The full art programme of Tweetakt 2021 is complete. From jewelry for bridges to a work full of bicycle bells: come by, see and get inspired.
Karel van der Eijk
The fantastic and playable DIY-instrument Potdekselorgel by Karel van der Eijk was a big hit with audiences at Tweetakt 2019. By pressing organ keys visitors could play a collection of glass jars with metal lids that each produced a different tone. The air vents positioned around the organ in the same space produced a loud flute concert through a spectacular tube system made of binbags.
Milena Anna Bouma
From an ironing board to a set of kitchen units and from a cheese grater to toothpaste, household items are a strong feature in Milena Anna Bouma’s brightly coloured work. She plays with the dimensions of these objects and places them outside their regular context. What type of situations does this create? And how do we relate to these everyday objects? Bouma is going to make a new work for Fort Ruigenhoek.
The way people treat wild nature is a staple in Catinka Kersten’s visual art. In 2018 she made the soft sculpture Drie olifanten,commissioned by Tweetakt. She made three life-sized cloth elephants, which she lay across the floor of a bunker space. Children could cuddle the animals, lie down in them or jump around. It made the animals’ stuffing flatten, as a symbolic smothering in the children’s love for animals. This year Kersten is focusing on her own species, creating a concrete construction out of human figures.
Artist Bart Schalekamp operates on the cutting edge between art and design. He draws inspiration from different materials which he playfully examines for their specific characteristics. He then brings these materials together to form a kinetic sculpture. Schalekamp is creating a new kinetic work especially for Festival Tweetakt.
Old newspapers and cardboard boxes are the materials Quentley Barbara uses to create his monumental sculptures. He grew up in Curaçao and graduated from the Koninklijke Academie van Beeldende Kunsten (KABK) in The Hague in 2018. Barbara has always been amazed by the carelessness with which the Dutch discard and scrap their belongings.
When Feiko makes a movie of him jumping through the glass panes in an object he has created himself, he won’t show the jump, but the clearing away of the pile of broken glass afterward. When he stages a slapstick mishap by perching a potted plant on the very edge of a shelf, right over his head, with a cat close by who should be toppling over the plant, then all we see is Feiko waiting in vain for the plant to fall. The cat could not be bothered. Feiko Beckers combines spatial installations, design, performance and film. The results are intelligent and conceptual while surprisingly simple.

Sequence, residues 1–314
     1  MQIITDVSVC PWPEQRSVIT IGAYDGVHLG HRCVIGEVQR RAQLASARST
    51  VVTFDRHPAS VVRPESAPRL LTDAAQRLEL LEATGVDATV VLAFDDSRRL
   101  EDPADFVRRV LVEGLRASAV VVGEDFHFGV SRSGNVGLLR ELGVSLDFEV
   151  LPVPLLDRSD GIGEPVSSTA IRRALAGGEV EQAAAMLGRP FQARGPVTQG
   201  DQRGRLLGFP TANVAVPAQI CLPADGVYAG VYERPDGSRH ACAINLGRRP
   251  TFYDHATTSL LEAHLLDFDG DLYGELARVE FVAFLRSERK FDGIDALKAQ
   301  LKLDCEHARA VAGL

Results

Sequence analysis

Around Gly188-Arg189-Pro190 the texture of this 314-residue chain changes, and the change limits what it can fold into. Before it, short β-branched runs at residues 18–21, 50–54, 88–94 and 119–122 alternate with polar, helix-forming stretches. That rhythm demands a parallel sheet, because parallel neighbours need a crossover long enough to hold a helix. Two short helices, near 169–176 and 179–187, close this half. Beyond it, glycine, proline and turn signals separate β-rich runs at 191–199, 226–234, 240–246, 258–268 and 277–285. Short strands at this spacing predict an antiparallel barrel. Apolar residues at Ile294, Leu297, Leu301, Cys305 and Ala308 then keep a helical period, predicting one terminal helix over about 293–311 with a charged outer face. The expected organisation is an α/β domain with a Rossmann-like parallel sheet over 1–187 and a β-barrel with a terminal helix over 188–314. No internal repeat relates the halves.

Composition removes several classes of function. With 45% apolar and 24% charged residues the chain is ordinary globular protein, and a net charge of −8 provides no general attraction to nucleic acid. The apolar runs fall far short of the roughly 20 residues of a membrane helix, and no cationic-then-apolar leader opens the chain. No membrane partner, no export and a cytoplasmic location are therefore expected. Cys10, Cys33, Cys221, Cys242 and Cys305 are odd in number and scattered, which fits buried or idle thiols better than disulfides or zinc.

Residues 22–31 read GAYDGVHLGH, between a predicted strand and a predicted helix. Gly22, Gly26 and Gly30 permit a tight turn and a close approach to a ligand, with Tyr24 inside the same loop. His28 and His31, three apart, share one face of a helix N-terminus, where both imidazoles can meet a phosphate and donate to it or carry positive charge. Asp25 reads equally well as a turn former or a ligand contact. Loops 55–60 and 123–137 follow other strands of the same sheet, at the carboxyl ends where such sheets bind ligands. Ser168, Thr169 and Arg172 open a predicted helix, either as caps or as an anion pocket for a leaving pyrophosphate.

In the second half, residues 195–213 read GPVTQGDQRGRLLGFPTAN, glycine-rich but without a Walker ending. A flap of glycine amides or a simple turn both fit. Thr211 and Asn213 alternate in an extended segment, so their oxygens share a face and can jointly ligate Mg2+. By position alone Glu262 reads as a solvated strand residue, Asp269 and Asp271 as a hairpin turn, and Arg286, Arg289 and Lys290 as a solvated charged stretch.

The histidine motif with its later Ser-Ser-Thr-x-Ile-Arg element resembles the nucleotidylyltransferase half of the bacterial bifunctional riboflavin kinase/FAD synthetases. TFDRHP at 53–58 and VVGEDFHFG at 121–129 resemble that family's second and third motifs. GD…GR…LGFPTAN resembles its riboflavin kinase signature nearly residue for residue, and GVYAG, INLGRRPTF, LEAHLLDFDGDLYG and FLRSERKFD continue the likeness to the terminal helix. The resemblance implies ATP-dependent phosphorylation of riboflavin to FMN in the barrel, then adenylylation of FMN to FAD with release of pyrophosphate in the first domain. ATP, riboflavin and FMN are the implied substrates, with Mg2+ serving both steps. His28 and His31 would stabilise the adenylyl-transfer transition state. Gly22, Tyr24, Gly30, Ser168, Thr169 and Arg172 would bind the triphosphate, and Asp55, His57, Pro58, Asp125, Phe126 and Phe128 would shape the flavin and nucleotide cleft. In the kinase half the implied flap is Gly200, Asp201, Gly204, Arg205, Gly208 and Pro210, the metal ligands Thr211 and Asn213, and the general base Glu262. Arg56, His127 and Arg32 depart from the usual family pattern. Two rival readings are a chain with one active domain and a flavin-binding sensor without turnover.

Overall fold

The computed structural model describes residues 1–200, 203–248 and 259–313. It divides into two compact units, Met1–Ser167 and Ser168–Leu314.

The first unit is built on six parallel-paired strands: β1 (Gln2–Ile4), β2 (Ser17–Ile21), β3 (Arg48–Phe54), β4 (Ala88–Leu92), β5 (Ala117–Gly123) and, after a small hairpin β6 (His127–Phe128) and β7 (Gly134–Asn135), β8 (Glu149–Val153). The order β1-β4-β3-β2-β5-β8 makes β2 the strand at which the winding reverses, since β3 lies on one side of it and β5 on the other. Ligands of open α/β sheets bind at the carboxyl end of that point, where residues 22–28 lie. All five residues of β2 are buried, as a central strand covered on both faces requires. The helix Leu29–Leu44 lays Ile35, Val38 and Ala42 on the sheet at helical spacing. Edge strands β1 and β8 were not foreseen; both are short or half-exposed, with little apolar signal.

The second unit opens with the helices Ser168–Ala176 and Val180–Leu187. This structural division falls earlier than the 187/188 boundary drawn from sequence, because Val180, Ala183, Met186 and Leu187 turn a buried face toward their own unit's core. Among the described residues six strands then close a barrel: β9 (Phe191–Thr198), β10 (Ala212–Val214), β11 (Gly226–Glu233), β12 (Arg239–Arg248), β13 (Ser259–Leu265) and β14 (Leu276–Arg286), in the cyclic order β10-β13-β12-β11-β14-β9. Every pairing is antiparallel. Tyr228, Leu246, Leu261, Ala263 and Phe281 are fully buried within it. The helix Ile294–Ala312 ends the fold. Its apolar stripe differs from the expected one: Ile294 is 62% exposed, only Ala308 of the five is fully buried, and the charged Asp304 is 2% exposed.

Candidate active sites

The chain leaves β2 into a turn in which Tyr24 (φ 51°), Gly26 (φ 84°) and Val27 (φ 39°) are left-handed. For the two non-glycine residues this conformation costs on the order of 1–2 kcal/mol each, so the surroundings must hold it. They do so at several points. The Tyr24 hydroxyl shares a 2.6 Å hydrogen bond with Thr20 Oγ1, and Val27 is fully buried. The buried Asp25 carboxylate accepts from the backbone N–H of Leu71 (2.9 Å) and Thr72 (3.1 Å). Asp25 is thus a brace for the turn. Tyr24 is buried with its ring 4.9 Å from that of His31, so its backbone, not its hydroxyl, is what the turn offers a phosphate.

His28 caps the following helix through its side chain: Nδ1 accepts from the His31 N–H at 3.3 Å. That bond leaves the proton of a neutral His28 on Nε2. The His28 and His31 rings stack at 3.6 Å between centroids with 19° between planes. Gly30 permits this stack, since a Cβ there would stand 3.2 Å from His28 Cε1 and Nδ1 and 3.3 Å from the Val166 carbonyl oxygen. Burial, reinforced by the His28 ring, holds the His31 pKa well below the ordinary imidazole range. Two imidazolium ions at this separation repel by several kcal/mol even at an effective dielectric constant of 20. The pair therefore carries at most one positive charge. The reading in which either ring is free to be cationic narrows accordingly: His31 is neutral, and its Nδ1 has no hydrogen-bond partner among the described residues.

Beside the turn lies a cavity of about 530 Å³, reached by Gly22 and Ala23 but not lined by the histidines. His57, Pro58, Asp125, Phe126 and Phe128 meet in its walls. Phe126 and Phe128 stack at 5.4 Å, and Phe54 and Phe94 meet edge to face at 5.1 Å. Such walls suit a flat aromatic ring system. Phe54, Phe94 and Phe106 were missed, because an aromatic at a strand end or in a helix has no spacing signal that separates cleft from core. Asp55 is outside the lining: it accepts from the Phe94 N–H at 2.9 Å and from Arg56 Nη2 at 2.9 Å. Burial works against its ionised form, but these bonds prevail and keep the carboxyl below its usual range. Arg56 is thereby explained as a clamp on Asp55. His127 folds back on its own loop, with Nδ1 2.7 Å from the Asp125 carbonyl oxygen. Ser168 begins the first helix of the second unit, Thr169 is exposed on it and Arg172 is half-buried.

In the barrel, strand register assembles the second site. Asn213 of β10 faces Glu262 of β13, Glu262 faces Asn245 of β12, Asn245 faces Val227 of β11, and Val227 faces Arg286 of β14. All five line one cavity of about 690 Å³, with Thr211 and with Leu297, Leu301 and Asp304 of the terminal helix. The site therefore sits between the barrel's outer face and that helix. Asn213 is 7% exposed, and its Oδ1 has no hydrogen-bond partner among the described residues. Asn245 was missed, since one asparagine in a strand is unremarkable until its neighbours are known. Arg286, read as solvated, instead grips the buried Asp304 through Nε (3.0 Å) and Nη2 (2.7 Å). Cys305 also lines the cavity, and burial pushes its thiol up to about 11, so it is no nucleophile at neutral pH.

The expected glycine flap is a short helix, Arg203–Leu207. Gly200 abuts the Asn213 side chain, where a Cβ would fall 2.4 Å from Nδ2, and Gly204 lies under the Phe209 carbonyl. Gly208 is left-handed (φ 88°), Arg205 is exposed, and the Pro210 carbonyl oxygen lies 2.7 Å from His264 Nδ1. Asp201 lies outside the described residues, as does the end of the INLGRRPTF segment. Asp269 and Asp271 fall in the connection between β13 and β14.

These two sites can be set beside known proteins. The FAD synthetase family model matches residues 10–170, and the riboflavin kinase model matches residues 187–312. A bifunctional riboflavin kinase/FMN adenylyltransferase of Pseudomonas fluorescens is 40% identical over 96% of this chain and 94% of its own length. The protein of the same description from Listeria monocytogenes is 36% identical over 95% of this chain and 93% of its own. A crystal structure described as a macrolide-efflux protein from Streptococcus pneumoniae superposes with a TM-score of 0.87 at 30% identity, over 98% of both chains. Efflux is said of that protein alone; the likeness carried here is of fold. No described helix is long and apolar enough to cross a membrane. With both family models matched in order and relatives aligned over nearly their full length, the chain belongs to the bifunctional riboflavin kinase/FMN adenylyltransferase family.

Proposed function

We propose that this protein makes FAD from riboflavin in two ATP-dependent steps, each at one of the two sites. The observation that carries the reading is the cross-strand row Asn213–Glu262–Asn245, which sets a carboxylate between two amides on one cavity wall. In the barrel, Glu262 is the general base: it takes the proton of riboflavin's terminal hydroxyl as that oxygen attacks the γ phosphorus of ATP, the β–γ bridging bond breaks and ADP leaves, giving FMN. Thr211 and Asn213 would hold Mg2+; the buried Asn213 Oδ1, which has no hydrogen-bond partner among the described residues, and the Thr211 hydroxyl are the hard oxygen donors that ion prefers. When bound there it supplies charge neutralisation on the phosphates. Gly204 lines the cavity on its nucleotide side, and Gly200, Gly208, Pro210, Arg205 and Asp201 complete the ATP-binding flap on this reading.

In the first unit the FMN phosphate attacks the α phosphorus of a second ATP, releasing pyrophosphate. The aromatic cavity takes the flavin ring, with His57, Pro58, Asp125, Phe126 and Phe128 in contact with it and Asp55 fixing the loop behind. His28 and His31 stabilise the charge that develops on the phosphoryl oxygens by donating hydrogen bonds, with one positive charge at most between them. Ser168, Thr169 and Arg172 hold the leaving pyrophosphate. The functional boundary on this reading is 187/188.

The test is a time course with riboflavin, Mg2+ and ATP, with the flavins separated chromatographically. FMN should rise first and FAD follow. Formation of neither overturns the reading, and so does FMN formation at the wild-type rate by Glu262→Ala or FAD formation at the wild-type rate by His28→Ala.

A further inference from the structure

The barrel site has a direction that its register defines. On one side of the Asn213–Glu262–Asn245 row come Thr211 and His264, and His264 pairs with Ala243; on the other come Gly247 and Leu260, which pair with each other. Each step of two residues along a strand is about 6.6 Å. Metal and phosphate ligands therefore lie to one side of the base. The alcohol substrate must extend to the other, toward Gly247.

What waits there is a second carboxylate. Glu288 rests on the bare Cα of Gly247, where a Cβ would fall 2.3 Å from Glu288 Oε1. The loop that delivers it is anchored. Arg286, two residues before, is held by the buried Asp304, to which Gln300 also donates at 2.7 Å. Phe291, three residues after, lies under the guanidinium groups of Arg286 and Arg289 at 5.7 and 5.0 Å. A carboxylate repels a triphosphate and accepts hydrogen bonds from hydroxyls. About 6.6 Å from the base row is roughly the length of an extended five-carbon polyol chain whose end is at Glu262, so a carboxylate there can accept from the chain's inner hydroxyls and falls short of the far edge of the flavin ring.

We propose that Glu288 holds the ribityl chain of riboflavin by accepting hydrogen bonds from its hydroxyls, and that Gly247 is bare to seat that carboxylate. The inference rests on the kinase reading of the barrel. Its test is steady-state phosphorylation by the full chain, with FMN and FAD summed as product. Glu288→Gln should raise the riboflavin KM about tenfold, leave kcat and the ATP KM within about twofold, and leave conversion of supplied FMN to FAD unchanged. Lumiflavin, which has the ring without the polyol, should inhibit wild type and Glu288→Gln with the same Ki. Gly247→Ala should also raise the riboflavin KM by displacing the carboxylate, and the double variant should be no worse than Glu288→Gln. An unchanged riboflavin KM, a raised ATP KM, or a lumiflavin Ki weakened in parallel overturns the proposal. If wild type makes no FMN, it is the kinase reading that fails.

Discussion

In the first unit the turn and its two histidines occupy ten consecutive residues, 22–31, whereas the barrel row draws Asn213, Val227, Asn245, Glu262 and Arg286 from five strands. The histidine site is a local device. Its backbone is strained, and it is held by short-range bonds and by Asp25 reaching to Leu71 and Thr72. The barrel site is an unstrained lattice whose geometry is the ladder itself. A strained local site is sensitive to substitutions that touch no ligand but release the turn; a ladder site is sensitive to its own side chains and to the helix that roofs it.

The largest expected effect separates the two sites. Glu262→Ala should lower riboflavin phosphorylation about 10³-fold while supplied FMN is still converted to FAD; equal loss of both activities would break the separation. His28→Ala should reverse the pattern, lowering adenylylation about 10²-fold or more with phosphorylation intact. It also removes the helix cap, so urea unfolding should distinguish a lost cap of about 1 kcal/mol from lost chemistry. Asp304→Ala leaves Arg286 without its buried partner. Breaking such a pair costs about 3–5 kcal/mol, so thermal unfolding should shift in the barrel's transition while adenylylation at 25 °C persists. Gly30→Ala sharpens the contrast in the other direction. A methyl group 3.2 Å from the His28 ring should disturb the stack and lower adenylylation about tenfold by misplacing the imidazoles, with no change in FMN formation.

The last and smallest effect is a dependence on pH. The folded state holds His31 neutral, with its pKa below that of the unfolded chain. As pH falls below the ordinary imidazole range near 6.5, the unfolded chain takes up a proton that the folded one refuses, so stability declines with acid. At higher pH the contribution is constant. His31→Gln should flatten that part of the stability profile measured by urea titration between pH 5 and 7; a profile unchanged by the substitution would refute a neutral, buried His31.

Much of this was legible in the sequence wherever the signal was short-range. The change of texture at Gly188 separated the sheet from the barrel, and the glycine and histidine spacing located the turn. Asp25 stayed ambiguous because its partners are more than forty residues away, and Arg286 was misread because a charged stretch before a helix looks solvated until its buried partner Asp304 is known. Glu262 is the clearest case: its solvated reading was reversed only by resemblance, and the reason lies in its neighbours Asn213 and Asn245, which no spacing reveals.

Rop van Mierlo
Control – or the absence of it – is a recurring motif in the work of artist Rop van Mierlo. At Tweetakt he is presenting an animated project unlike anything you will have seen. In terms of technique, it is similar to the painted animals in his self-published book Wild Animals, but the visual result is a much more abstract moving image. In 2011 he won the Dutch Design Award for Wild Animals. It is a book in which he tries not to capture the animals he paints. His books are sold around the world, from MoMa in New York to the Palais de Tokyo in Paris.
Every year Tweetakt invites a performing artist to create a work of visual art for Fort Ruigenhoek. In previous years Benjamin Verdonck, Jetse Batelaan, Ugo Dehaes and Liesbeth Gritter were asked. This year we have asked Louis Janssens and Ferre Marnef, two young theatre makers who excel at making conceptual performances. Together they are Desnor. The duo is not only creating two works of art for Fort Ruigenhoek, but they are also at Tweetakt with their show Serenade.
In her ‘urban jewellery’ series, visual artist Liesbet Bussche takes a playful approach to the size and material of archetypical items of jewellery such as earrings, pearl necklaces and charm bracelets. She once blew up an ear stud to the size of an outdoor sculpture and adorned the quays in a French harbour town with outsized anchor charms on chains. In the outdoor spaces at Fort Ruigenhoek, Tweetakt is presenting her robust enlarged diamond whose facets consist of wooden window frames with glass panes inside.
In 2018 Krol created his Fietsbelcarillon (bicycle bell chimes) for Kaapstad Tilburg. He placed a tower with a set of chimes at the top on the Pieter Vreedeplein, a city square where cyclists frequently have run-ins with pedestrians – quite literally. By ringing the bells, passers-by could direct traffic, or disrupt its flow, or just make a lot of noise. This year, the Fietsbelcarillon is coming to Fort Ruigenhoek.
Wouter van der Giessen
Colourful, iconic objects are a major inspiration for visual artist Wouter van der Giessen. With his playful mindset he brings these objects’ underlying sculptural qualities to the fore, exploring different views on existing conventions around certain places and objects. While the objects remain recognisable, he gives just a little twist to their positioning. Van der Giessen thus creates images with a childlike appeal that keep viewers mesmerised.
Skateboarder Matt Tomasello is a computer technician by profession, but he became famous the world over with his Instagram posts in which he performs his virtuoso skateboard tricks. His most popular videos are the ones in which he singlehandedly enhances his boards with his original inventions. During a jump, half a board spins, because he sawed it in two. Another board has been fitted with wings that feature an extra set of wheels, so that when he jumps, he spreads his wings. At Fort Ruigenhoek you can see Tomassello’s prepared boards and a selection of his most amazing videos.